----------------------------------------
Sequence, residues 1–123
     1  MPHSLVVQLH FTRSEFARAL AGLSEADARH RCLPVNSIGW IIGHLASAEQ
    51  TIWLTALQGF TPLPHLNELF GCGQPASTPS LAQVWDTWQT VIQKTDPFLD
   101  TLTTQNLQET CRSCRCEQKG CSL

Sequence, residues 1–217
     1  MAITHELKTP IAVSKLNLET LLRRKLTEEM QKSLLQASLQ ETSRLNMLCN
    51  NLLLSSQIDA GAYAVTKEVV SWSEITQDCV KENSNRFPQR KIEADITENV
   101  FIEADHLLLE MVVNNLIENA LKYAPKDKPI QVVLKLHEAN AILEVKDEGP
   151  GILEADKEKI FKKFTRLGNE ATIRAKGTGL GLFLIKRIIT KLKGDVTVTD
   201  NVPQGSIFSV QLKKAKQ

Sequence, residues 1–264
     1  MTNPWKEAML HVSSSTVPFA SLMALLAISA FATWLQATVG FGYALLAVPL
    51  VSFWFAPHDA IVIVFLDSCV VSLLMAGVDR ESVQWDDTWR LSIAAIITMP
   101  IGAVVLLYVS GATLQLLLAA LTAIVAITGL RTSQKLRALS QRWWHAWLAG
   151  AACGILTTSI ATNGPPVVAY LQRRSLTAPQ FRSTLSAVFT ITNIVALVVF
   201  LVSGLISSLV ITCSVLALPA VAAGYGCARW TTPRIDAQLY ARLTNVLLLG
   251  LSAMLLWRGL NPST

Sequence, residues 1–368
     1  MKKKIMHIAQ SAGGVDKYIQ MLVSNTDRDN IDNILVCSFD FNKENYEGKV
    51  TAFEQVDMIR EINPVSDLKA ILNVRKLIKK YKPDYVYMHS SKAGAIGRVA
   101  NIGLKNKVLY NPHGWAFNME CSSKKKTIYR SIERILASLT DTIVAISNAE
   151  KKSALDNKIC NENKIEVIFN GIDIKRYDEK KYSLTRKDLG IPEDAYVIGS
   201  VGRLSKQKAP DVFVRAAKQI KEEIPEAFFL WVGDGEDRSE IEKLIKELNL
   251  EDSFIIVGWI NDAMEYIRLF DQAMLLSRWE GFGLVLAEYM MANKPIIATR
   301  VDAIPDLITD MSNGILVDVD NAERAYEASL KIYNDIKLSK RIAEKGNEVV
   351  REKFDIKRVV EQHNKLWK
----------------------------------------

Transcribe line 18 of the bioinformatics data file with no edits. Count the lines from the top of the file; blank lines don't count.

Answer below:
Sequence, residues 1–368